What To Know Today
The connection between gun violence and food insecurity. An analysis of last year’s 271 homicides in St. Louis found that nearly 70 percent occurred in low-income census tracts with no grocery store or supermarket for at least half a mile. Fifty-two killings were concentrated in eight census tracts with no grocery store for a mile. Urban areas that lack such access to grocers and produce are often referred to as food deserts, but as The Kansas City Star reports, many Black activists and farmers refer to the disparity as “food apartheid,” emphasizing the systemic racial inequities. A focus on food access: As public health researchers and community activists seek to combat the root causes of violence, Black urban farmers in St. Louis are working to ensure that their communities — especially the children among them — get the access to the nutrients they need. Hunger and the lack of a complex nutritional diet can make it harder for people to handle conflicts with peers and authority, and to deal with extreme stress, experts tell The Star. “I’ve seen the difference in kids when they get a meal and when they don’t get a meal, how they behave and how they focus in school,” Tyrean “Heru” Lewis, a teacher-turned-urban farmer, tells the newspaper. “So I truly believe that’s all connected.”
Oakland’s new budget gives millions to community-led violence reduction but falls way short of “defund” promises. Following a year of debate, Oakland’s City Council voted on its two-year budget that keeps police spending at historic levels despite a pledge last year to cut up to 50 percent (or $150 million). The previous two-year budget (2019 – 2021) for Oakland’s police passed at $665 million, whereas the new cycle includes $674 million. The budget does secure an additional $18.5 million for the city’s Department of Violence Prevention for an array of community-focused violence intervention programs. But The Oaklandside notes the money was taken from the mayor’s proposed $27 million funding increase for police hiring, not an across-the-board police defunding as some local news outlets suggested last week. The smaller police-funding increase freezes about 50 positions for officers that respond to 911 calls and reduces the number of police academies from six to four.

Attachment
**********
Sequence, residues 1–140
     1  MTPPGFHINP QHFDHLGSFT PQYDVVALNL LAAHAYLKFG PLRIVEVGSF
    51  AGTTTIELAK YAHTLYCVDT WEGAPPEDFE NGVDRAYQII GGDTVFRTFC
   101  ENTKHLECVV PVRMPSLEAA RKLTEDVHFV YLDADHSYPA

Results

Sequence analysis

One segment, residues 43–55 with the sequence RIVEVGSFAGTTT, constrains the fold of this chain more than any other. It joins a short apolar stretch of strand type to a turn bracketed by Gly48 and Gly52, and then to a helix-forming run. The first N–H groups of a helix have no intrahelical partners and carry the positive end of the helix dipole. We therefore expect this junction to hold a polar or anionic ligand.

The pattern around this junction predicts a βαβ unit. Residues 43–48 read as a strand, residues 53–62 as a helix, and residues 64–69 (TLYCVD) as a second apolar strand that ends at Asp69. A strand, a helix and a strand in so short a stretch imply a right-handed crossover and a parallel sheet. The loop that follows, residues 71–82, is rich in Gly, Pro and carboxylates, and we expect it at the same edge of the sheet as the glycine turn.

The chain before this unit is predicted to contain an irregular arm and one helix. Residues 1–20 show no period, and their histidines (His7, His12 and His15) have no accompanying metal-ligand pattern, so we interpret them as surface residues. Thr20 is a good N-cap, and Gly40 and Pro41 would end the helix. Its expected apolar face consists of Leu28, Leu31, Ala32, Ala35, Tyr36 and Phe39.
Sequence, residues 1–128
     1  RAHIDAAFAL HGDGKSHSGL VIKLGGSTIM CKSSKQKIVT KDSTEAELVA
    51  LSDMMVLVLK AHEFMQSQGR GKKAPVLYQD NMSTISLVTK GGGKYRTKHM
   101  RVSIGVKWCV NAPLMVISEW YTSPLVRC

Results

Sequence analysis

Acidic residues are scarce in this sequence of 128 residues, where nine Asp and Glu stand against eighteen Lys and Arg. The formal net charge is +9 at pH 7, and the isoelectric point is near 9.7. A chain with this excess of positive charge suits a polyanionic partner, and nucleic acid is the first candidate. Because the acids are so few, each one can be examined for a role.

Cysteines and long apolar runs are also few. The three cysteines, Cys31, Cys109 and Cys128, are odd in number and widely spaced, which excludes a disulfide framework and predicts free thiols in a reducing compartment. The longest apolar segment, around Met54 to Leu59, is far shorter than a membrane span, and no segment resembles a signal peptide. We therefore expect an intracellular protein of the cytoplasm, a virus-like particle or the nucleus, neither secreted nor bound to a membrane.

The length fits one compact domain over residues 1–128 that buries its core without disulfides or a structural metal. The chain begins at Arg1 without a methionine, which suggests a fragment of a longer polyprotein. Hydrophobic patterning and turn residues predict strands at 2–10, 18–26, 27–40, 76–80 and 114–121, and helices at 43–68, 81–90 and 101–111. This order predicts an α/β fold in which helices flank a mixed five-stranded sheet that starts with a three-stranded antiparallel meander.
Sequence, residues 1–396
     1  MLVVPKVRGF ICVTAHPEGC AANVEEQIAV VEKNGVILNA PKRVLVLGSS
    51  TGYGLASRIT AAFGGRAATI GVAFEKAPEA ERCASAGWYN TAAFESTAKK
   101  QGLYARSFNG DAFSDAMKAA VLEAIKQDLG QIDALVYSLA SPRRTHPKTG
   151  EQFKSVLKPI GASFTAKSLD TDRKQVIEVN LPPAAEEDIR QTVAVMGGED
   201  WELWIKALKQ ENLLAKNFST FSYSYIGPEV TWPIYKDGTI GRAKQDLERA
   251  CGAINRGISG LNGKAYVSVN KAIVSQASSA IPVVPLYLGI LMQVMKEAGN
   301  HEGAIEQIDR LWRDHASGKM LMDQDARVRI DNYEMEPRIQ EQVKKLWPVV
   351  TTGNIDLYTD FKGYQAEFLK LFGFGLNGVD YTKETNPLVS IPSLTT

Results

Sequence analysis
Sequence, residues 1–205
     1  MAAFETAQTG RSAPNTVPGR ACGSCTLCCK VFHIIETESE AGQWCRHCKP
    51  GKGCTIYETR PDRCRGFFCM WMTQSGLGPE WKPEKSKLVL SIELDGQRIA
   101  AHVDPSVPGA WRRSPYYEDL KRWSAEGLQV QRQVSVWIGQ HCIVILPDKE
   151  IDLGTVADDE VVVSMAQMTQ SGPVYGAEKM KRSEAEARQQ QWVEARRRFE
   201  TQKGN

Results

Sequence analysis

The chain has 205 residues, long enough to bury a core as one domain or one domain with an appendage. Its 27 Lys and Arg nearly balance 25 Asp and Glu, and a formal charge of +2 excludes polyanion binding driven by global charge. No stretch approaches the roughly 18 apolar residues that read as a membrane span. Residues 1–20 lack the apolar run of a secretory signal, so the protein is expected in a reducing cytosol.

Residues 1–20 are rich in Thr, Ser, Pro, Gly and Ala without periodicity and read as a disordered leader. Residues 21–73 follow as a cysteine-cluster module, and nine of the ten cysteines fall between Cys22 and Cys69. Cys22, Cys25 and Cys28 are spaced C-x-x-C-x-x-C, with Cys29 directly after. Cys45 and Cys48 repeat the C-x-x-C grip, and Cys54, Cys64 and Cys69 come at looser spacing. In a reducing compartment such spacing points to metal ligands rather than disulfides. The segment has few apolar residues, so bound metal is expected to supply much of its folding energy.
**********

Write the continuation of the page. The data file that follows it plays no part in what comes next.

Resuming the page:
Inside the NRA’s first board meeting since its bankruptcy loss. Stephen Gutowski of The Reload writes about the National Rifle Association’s board’s special session over the weekend, where he says directors never discussed the New York attorney general’s dissolution suit or the failed attempt to file for bankruptcy in Texas. Instead, board members focused on topics like President Joe Biden and his push for tighter gun restrictions. Among other things, the NRA’s top lobbyist updated the group about the $2.5 million legislative effort to prevent the Senate confirmation of David Chipman to lead the Bureau of Alcohol, Tobacco, Firearms and Explosives.
Gun seller can’t be sued over weapon used in Texas’ deadliest mass shooting, state Supreme Court rules. Justices dismissed four separate lawsuits from victims of the families stemming from the 2017 shooting at a Sutherland Springs church where a gunman killed 26 people and wounded 20 more. The suits argued that Academy Sports + Outdoors improperly sold the Ruger AR-556 semiautomatic rifle with a 30-round magazine the gunman used. But justices agreed with the company’s defense that it was protected by the U.S. Protection of Lawful Commerce in Arms Act that shields gun dealers when their products are used to commit a crime. Several other lawsuits against Academy are still pending, including in federal court.
ICYMI: Police reform still stalled in Congress as negotiators reach agreement on a “framework.” Just before a two-week Senate recess, Representative Karen Bass and Senator Cory Booker, both Democrats, and Republican Senator Tim Scott released a joint statement about their halting progress after four months of discussions: “We have reached an agreement on a framework addressing the major issues for bipartisan police reform.” The bill, which has already passed the House, has been stuck in the Senate on issues like qualified immunity for officers. Lawmakers will continue working over the next few weeks to try to finalize a deal.
55 percent — the share of American adults who describe violent crime as a “very big problem,” compared to concern for the pandemic (36 percent), race relations (39 percent), and the economy (41 percent). Research has shown that Americans tend to view crime rates as higher than they actually are. [Yahoo News/YouGov poll]